TI Teachers Present Workshops at PittCon

Three TI teachers (Chad Bridle, Deanna Cullen, and Alice Putti) will be presenting workshops titled “Introducing Inquiry to your Science Class” and “Teaching Advanced Chemistry Topics Through Inquiry” at the 2013 PittCon Conference held in Pittsburgh, PA. The invitation to conduct the workshops came as a result of the high quality lessons that the TI teachers have developed. If you have not check them out yet, be sure to go the Teaching Materials tab and get registered so you can download them for free!  Congratulations to all of the TI teachers who have contributed to this great teacher resource.
 

Target Inquiry: Helping Teachers to Successfully Implement Standards-based Inquiry Instruction

**Labs developed by the Target Inquiry teachers have been adopted worldwide. Click for map.

Register to access these materials at no cost.

Target Inquiry (TI) is a 2½-year program designed to meet the professional development needs of middle and high school science teachers for developing an inquiry-based science classroom. TI is for science teachers who wish to earn a Master of Education with an Emphasis in Advanced Content Specialization or complete the 15 credit certificate program. TI is designed to 1) provide teacher participants with an authentic science laboratory research experience, and 2) facilitate the integration of their research experience into their classroom through the design, implementation, and evaluation of inquiry-based curriculum.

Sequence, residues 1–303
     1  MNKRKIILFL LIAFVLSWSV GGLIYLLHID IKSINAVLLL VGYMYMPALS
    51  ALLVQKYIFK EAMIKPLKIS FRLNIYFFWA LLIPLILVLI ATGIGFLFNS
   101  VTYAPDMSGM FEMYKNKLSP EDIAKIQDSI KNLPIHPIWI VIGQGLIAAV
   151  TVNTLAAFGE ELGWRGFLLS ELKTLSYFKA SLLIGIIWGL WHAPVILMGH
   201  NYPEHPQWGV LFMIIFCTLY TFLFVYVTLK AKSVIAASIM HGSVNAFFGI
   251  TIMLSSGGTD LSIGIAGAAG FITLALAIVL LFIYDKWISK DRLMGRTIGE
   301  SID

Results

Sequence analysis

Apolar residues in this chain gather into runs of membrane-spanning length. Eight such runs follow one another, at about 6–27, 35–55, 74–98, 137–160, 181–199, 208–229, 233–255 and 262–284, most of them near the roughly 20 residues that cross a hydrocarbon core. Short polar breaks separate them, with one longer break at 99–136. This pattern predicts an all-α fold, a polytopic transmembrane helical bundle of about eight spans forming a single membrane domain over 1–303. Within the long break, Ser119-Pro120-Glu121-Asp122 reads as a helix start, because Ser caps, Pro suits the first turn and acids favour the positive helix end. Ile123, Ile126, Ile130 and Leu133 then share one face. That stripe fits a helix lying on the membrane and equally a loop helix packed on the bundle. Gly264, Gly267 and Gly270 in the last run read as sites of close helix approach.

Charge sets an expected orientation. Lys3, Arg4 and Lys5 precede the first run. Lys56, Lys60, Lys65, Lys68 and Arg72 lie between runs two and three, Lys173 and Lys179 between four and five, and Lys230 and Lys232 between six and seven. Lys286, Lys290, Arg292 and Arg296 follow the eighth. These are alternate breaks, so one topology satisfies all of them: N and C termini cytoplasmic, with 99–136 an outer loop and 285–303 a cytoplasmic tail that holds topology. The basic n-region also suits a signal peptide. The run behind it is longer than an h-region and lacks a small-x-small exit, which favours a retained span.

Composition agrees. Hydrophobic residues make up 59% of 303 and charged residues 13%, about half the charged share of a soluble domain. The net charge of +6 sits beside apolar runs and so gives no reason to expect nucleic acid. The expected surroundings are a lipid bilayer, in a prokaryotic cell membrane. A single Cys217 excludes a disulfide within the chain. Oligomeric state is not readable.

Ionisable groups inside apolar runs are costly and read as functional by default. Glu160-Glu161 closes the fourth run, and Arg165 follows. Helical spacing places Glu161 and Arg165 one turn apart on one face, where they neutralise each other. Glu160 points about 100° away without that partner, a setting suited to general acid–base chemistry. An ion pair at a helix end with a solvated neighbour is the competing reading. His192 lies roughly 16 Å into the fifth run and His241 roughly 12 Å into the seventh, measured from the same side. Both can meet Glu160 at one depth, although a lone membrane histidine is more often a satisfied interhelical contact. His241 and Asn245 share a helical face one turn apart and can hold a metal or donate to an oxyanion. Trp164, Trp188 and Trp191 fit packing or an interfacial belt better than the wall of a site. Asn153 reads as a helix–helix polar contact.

Target Inquiry is funded by the National Science Foundation Divisions of Elementary, Secondary, and Informal Education (ESI-0553215) and Research on Leaning in Formal and Informal Settings (DRL-1118658), the Camille and Henry Dreyfus Foundation 2005 Special Grant Program in the Chemical Sciences, and Grand Valley State University.

Any opinions, findings, conclusions or recommendations expressed in these materials are those of the TI project and do not necessarily reflect the views of the National Science Foundation.

Page last modified November 21, 2011